Directed by Alejandro G. Inarritu
Written by Alejandro G. Inarritu & Nicolas Giacobone
Alejandro G. Inarritu, a unique master of cinema, is a polarizing figure among the cinephile community. He has some of the best films of the past decade, including The Revenant, which won Leonardo DiCaprio his first Oscar, and Birdman, which won Inarritu his first of two Best Director Oscars and also won Best Picture. Not to mention Biutiful and Babel and 21 Grams and Amores Perros. His prowess goes back more than 20 years in the industry and his work has continuously been recognized by the Academy. However, he is still a polarizing figure, with some criticizing his work as pretentious, or self-indulgent, or any other manner of criticism. I like that about Inarritu. He’s not a pop director, he takes chances, he doesn’t aim to please everyone. He’s his own director, expressing his own vision. That certainly makes him unique. It also makes for a film like the one we have here, BARDO, a Netflix release which will be sure to ruffle some feathers of those who admonish his past works. Does it work? For me, it does not. But damn if I don’t appreciate that at least Inarritu is going for something here. It doesn’t always work, but going for it should be encouraged in an industry which puts out way too many safe, uninteresting works these days.
The film follows the life of Silverio (Daniel Gimenez Cacho), a Mexican journalist and renowned documentary filmmaker who now lives mainly in Los Angeles. Upon being named the recipient for a prestigious international award, Silverio returns home to Mexico, where he is met with all kinds of questions of self, existence, national identity and more with which he must grapple. He travels these trying times, from being a guest on the talk show hosted by his friend to a lush and energetic party thrown in his honor, all with his wife and children by his side as he must come to terms with his place not only on the international filmmaking stage, but also as a notable Mexican who no longer spends his time in his native land.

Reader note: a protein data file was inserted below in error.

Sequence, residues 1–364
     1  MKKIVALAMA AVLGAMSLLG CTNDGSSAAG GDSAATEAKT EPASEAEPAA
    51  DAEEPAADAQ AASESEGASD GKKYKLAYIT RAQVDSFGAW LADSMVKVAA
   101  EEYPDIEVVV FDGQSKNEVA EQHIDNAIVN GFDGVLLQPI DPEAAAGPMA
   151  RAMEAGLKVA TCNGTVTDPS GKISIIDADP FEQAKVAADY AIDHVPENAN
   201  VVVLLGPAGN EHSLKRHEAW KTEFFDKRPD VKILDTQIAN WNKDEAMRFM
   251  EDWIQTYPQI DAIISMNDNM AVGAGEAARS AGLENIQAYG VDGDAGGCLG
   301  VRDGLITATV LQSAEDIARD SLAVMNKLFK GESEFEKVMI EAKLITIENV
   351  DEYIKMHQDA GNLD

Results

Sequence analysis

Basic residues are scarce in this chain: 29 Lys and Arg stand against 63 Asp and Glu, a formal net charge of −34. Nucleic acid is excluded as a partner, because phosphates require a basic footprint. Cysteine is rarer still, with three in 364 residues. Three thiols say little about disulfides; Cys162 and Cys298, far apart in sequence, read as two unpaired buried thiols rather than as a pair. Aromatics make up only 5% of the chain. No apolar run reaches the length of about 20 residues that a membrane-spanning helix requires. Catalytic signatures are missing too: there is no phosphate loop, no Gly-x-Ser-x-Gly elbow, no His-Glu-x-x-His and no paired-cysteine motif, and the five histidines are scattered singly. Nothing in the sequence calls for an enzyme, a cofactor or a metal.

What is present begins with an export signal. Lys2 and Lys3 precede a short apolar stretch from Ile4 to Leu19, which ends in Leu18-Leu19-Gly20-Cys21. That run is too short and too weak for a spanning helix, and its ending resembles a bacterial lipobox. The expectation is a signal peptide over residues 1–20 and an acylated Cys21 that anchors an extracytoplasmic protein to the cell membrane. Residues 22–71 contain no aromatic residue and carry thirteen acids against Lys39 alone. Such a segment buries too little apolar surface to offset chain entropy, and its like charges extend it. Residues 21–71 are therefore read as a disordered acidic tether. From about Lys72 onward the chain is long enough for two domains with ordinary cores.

For those unfamiliar, like I was before seeing this film, “Bardo” is a Buddhist term used to describe an intermediate or transitional state between death and rebirth. Seeing the film with this in mind makes for a much more sensible watch, otherwise you risk getting lost somewhat in the esoteric narrative which sees our main character making his way through a seemingly supernatural world at times. Given this added context, knowing that Silverio has perhaps passed and is grappling with the people in his life, the work he accomplished, and the things he experienced in his life prior to passing on to the next world, makes for a far more meaningful experience as a viewer. The themes are clear regardless, Silverio is contemplating his place in the world, his worth, often working through problems associated with Imposter Syndrome. As someone who often wonders what his place is in this world, these contemplations really worked for me in a big way, carrying the emotional weight of the film.
And as a semi-autobiographical tale, although Inarritu is obviously not dead, Bardo makes a ton of sense as an exploration of his cinematic place in the world. As mentioned up top, he is a celebrated filmmaker, and for good reason in the eyes of this writer, but he is not without his detractors. What is ironic is the fact that exploring this Imposter Syndrome, and making a semi-autobiographical film like Bardo plays directly into the criticism he has received in the past. But that bold approach, along with the beautiful cinematography, production design and sound, makes his self-indulgence all the more palatable.
But the question remains, despite the ambitious themes and story, despite the flashy production, despite the clear self-indulgence of the project, does it work? First, the self-indulgence has never been a problem for me. In many ways, every art project is an exercise in self-indulgence. If we’re going to celebrate Steven Spielberg this year for his own semi-autobiographical, self-indulgent project The Fabelmans, why does it disqualify Alejandro G. Inarritu from the same praise? In short, it shouldn’t. Unfortunately, from my perspective, while there are interesting moments which prompt internal thought and exploration of self, the film is too abstract, too scatterbrained, and maybe too ambitious for its own good to ultimately work in the end. So while I can sit from afar and appreciate the heck out of the craft of this film, laud Inarritu for his ambition and bold vision, I cannot also get on board with Bardo being an effective and competent exploration of its themes, and that’s a shame. But I will tell you one thing, I am still firmly in the Inarritu fan camp, am looking forward to whatever project he takes on next, and can applaud him for at least going for something with this project and not playing it safe.